Storage recommendations are simple. Take any plastic bag at home, clean it thoroughly with soap and water, and let it dry out. Once that is done, keep the clean face cover in the bag and rotate face covers for daily use.
As for cleaning, here are the official instructions:
What explains the U-turn in directions?
To some extent, authorities are simply responding to a developing situation and updating their advisories. But many questions have been raised about why it took so long, particularly for the WHO, to change its directions regarding using of face covers.
Early thinking about why masks should not be used, even though they have always been part of advisories for respiratory diseases, was that they would lead to shortages for healthcare workers who need them more. It was believed that ordinary people would not know how to use them without making things worse.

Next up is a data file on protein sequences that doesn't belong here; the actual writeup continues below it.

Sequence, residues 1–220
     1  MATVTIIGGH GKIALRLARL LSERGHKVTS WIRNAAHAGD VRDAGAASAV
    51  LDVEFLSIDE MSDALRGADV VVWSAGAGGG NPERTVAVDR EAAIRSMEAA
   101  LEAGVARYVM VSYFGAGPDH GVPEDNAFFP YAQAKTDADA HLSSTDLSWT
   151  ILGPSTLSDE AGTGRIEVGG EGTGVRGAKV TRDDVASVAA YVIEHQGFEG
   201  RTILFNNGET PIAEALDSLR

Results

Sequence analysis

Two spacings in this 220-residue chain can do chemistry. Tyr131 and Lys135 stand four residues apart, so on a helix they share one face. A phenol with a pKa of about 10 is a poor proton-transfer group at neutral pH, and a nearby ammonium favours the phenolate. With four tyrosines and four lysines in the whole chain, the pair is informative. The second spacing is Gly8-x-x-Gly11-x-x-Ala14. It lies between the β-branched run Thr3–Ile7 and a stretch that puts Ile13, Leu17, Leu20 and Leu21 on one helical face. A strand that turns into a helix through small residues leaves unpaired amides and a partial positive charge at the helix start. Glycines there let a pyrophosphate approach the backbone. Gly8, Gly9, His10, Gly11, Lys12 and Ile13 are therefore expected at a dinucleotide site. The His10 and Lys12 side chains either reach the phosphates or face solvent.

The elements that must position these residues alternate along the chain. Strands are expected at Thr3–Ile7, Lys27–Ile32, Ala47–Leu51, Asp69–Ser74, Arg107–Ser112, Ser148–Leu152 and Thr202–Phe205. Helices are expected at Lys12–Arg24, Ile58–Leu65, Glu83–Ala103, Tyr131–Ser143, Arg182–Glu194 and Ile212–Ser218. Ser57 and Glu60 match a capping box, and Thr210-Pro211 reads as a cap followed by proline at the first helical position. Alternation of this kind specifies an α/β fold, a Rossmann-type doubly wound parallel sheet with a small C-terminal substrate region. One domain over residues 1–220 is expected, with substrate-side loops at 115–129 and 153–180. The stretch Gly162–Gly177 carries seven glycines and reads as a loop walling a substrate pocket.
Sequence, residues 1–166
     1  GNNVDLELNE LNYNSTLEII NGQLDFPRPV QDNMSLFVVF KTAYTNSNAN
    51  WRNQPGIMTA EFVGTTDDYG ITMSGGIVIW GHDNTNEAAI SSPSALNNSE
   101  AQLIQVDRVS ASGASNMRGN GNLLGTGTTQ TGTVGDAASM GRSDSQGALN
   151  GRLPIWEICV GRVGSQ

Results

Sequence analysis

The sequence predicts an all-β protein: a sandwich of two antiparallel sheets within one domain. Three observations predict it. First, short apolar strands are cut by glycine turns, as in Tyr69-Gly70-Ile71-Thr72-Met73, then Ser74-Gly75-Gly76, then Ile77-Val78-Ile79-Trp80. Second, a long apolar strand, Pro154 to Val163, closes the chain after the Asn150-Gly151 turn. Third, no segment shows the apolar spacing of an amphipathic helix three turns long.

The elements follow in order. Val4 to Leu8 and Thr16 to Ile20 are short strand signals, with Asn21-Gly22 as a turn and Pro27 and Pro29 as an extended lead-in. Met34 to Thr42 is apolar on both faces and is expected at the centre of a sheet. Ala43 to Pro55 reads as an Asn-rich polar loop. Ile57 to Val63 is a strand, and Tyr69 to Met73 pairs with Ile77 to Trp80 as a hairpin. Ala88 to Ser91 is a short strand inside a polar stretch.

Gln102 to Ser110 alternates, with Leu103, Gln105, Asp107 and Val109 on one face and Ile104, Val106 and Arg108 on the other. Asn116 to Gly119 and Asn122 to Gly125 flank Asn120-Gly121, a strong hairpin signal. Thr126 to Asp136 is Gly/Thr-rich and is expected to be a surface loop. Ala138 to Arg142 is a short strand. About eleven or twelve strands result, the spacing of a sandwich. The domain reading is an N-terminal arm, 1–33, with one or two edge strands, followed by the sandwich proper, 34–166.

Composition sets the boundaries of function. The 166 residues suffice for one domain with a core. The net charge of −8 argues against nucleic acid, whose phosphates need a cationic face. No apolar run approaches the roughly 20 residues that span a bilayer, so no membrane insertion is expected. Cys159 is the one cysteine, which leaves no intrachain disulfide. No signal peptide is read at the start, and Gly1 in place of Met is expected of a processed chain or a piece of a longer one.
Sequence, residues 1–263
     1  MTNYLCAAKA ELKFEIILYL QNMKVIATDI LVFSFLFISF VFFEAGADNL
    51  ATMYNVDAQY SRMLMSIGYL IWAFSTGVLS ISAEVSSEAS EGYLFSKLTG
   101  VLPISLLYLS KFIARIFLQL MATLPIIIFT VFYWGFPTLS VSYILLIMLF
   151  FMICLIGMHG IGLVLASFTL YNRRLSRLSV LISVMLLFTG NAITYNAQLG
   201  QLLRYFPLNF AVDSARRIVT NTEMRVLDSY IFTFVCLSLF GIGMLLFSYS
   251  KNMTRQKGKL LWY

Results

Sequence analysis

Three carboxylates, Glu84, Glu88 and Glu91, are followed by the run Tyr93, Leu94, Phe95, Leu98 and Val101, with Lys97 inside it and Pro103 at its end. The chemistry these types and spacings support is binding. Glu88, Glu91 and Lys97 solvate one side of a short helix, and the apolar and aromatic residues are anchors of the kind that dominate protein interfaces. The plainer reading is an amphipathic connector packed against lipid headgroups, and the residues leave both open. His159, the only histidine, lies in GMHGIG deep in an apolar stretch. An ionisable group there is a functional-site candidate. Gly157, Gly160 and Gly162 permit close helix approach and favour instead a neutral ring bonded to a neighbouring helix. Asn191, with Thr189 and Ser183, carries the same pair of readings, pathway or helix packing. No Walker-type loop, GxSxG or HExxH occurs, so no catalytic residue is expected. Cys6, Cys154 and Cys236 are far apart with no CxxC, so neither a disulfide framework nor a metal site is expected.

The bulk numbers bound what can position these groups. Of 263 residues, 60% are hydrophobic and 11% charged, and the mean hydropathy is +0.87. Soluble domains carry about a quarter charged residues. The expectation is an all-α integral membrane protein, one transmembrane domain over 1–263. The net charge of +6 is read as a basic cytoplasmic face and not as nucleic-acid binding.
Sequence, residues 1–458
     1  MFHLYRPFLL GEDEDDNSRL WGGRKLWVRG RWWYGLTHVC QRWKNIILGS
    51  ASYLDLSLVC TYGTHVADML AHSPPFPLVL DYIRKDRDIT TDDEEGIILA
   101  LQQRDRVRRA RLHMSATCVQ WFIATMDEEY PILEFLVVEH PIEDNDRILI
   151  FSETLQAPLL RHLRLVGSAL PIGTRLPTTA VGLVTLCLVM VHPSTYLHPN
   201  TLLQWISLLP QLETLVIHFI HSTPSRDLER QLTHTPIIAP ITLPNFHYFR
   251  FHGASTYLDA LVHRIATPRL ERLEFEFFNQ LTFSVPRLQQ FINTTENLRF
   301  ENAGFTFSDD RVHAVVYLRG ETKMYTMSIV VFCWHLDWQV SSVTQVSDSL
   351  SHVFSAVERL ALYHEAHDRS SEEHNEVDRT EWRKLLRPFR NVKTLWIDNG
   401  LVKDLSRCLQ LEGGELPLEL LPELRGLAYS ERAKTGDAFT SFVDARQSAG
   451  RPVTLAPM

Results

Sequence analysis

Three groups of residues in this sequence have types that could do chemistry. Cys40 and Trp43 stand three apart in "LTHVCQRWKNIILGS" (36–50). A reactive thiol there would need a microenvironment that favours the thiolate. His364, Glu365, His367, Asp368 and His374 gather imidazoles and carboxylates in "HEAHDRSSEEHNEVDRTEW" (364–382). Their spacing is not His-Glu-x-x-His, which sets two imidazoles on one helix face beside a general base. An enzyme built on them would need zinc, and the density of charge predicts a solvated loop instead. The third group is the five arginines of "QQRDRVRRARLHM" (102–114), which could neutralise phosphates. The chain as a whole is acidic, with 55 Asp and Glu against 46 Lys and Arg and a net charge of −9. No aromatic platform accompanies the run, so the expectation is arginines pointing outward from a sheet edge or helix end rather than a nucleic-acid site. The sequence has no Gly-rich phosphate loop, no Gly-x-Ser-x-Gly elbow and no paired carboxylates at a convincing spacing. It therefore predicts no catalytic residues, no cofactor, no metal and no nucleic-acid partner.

While the concerns about shortages still hold, which is why governments are recommending home-made face covers, they came coupled with advisories to not cover your nose and mouth. At first, some experts and authorities did recommend masks – but only for the sick, so that they would prevent them infecting other people.
But from February, it was clear that Covid-19 could be spread by asymptomatic people, meaning those who weren’t sick but may still have been infected by the coronavirus. This meant that simply recommending masks for the sick would not be sufficient to prevent spread.
Moreover, countries that mandated masks and face covers – such as Taiwan and Hong Kong – have cited that as among the primary reasons that their infection numbers remaind low, despite high levels of exposure to Chinese tourists and visitors.